Chaos: A Program Collection for the PC

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Springer Science & Business Media, Dec 6, 2007 - Science - 341 pages
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Ithasbeenthirteenyearssincetheappearanceofthe?rsteditionofthisbook, and nine years after the second. Meanwhile, chaotic (or nonlinear) dynamics is established as an essential part of courses in physics and it still fascinates students, scientists and even nonacademic people, in particular because of the beauty of computer generated images appearing frequently in this ?eld. Quite generally, computers are an ideal tool for exploring and demonstr- ing the intricate features of chaotic dynamics. The programs in the previous editions of this book have been designed to support such studies even for the non-experienced users of personal computers. However, caused by the rapid development of the computational world, these programs written in Turbo Pascal appeared in an old-fashioned design compared to the up-to-date st- dard.Evenmoreimportant,thoseprogramswouldnotproperlyoperateunder recent versions of the Windows operating system. In addition, there is an - creasing use of Linux operating systems. Therefore, for the present edition, all the programs have been entirely rewritten in C++ and, of course, revised and polished. Two version of the program codes are supplied working under Windows or Linux operating systems. We have again corrected a few passage in the text of the book and added somemorerecentdevelopmentsinthe?eldofchaoticdynamics.Finallyanew program treating the important class of two-dimensional discrete (‘kicked’) systems has been added and described in Chap.13.
 

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Contents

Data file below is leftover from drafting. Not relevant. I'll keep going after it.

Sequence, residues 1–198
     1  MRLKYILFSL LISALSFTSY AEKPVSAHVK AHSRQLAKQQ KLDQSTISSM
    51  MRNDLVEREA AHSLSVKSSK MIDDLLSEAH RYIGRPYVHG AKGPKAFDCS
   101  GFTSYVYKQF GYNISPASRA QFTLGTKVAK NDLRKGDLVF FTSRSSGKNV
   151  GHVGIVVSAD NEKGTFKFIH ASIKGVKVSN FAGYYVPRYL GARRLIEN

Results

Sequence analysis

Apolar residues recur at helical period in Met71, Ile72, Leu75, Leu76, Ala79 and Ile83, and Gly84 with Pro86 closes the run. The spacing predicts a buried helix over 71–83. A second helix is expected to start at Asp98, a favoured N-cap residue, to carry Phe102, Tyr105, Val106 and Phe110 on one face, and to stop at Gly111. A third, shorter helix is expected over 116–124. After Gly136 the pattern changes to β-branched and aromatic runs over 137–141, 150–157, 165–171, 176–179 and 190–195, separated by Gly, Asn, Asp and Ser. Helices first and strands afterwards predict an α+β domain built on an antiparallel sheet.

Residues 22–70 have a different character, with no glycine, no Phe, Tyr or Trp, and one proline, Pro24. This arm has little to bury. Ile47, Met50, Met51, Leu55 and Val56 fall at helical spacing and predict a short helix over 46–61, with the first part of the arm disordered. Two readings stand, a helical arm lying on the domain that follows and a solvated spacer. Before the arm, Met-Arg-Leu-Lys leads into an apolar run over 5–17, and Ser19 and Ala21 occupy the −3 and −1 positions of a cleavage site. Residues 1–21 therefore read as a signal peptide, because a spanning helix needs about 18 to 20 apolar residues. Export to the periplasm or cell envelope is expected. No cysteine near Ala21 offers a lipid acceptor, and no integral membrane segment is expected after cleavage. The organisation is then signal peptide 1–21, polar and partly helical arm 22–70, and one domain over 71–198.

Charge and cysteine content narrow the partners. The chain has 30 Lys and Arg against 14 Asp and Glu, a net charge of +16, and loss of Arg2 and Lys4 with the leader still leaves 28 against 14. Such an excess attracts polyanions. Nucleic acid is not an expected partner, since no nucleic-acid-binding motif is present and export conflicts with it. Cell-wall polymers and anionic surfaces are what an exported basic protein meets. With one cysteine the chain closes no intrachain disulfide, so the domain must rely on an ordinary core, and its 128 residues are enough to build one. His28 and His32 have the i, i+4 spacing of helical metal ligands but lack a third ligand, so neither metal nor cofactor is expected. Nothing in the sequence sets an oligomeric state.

Overview and Basic Concepts
1
12 The Programs
5
13 Literature on Chaotic Dynamics
8
Nonlinear Dynamics and Deterministic Chaos
11
21 Deterministic Chaos
12
22 Hamiltonian Systems
13
222 Poincare Sections
16
223 The KAM Theorem
18
The Duffing Oscillator
157
82 Numerical Techniques
161
84 Computer Experiments
168
Resonances and Bistability
171
844 Coexisting Limit Cycles and Strange Attractors
174
845 Suggestions for Additional Experiments
176
85 Suggestions for Further Studies
181
References
183

224 Homoclinic Points
20
23 Dissipative Dynamical Systems
22
231 Attractors
24
232 Routes to Chaos
26
24 Special Topics
27
241 The PoincareBirkhoff Theorem
28
242 Continued Fractions
29
243 The Lyapunov Exponent
32
244 Fixed Points of OneDimensional Maps
35
245 Fixed Points of TwoDimensional Maps
38
246 Bifurcations
44
References
45
Billiard Systems
47
31 Deformations of a Circle Billiard
50
32 Numerical Techniques
53
33 Interacting with the Program
54
34 Computer Experiments
58
342 Zooming In
60
343 Sensitivity and Determinism
61
344 Suggestions for Additional Experiments
63
35 Suggestions for Further Studies
66
References
67
Gravitational Billiards The Wedge
69
41 The Poincare Mapping
70
42 Interacting with the Program
75
43 Computer Experiments
77
432 Bifurcation Phenomena